|Latin Fragment D.1 (detail)|
This and the following images reproduced by courtesy of the
Cadbury Research Library: Special Collections, University of Birmingham
I went to Birmingham last week to see the Crivelli exhibition. While in the city, I also went to The Barber Institute (to look at paintings, not manuscripts such as the Liberale da Verona cutting mentioned at the end of this post), and the University Library (because they have a very good set of Folio Society Collectors' Corner catalogues, some of which I have not been able to consult anywhere else), and the Cadbury Research Centre (Special Collections), which holds a large collection of little-known fragments. (And I do mean fragments, not cuttings and leaves).
As usual, in my experience, about 90% of the fragments were unintersting to me (Canon Law, Sermons, Use of Sarum liturgica, etc.), but 9% are interesting and 1% are very interesting. One of the two or three items that comprise the 1% is an unrecorded portion of a copy of Ranulf Higden's Polychronicon Wikipedia], of which a detail is shown above.
The surviving portion consists of just four paper leaves. I was trying to look at a lot of material in about two hours, so I did not take proper measurements, look for watermarks, etc., but I did place a ruler next to the leaves which gives a general sense of scale; they are approximately 30cm tall:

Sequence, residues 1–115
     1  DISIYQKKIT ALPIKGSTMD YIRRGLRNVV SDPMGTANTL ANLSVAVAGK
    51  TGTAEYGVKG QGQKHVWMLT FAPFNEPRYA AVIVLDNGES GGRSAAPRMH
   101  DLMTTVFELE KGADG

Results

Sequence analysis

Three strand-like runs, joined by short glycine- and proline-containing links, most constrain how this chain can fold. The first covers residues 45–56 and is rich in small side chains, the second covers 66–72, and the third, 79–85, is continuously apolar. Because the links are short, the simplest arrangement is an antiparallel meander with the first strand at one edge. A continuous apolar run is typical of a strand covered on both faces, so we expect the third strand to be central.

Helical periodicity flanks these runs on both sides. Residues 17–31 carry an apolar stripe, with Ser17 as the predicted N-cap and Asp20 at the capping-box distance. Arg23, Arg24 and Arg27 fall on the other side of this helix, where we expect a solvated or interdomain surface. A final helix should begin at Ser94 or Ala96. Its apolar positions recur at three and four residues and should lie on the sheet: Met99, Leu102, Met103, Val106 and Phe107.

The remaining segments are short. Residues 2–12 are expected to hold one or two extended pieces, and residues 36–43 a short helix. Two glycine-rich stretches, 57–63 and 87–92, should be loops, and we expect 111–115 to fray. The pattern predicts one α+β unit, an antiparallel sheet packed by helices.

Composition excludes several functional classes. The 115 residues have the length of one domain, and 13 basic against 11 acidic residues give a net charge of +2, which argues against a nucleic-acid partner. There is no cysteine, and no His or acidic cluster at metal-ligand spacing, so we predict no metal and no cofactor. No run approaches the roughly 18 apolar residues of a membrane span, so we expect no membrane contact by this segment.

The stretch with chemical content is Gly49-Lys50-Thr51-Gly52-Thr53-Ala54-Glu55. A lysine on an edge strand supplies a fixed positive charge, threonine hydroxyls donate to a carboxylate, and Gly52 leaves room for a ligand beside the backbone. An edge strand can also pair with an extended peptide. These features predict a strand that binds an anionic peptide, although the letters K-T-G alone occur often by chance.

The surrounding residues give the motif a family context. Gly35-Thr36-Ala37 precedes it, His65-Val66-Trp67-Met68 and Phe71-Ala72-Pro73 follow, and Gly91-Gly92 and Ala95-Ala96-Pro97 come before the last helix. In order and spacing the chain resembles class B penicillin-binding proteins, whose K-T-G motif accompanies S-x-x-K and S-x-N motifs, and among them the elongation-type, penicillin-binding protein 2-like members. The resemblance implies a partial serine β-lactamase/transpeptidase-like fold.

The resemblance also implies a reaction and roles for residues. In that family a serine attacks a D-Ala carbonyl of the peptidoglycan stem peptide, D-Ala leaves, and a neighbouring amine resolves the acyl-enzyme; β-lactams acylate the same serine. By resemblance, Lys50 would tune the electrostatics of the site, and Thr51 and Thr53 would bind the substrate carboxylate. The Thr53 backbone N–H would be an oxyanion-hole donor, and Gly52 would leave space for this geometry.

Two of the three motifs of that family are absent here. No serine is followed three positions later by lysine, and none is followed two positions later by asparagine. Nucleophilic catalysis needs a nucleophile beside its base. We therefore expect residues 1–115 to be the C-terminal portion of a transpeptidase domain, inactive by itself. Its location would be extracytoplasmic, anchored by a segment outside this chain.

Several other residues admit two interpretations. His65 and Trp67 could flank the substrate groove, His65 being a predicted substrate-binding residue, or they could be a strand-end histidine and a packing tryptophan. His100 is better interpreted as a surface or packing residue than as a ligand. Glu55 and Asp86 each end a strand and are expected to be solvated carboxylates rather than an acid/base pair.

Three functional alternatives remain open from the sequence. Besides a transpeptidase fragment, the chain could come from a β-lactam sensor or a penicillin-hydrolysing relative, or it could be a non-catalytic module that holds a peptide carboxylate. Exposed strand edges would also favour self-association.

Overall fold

|"18606" printed spine-label|
|"... I have a few fragments of old MSS left. ... |
Would you care to consider these at HALF PRICE."
An ambiguous inscription on the box in which the fragments are now housed seems to suggest that they were donated by Hingston Fox to J. Rendel Harris (1852-1941) [Wikipedia], who in turn gave them (along with other manuscripts and fragments) to the University:
 Lists of the known manuscripts can be found in:
- Lynda Dennison and Nicholas Rogers, ‘A Medieval Best-Seller: Some Examples of Decorated Copies of Higden’s Polychronicon,’ The Church and Learning in Late Medieval Society: Studies in Honour of Professor R.B. Dobson, ed. by C. M. Barron & J Stratford, Harlaxton Medieval Studies, 9 (Donnington, 2002), pp. 80-99 (listing 123 copies)
- A.S.G. Edwards & James Freeman, 'Further Manuscripts of Higden’s Polychronicon', Notes and Queries, NS, Bd. 63 (2016), pp. 522-24 (about 17 more copies and 16 MSS with excerpts).
 The text of the first three leaves begins a few lines before the start of Book 2, chapter 14 (at "consueveruntOrosius libro primo..."; vol. II, p. 326, line 9 in the Rolls Series edition), and continues to chapter 20 ("... statutum fu[catchword:]it inter illos" p. 386, lines 9-10 of the edition). The last leaf contains Book 6, parts of chapters 23-24 ("monachum primo Londoniensem episcopum ... non ex ambitione et [nummi]" p. 162 line 7 p. 182 line 10 of the edition).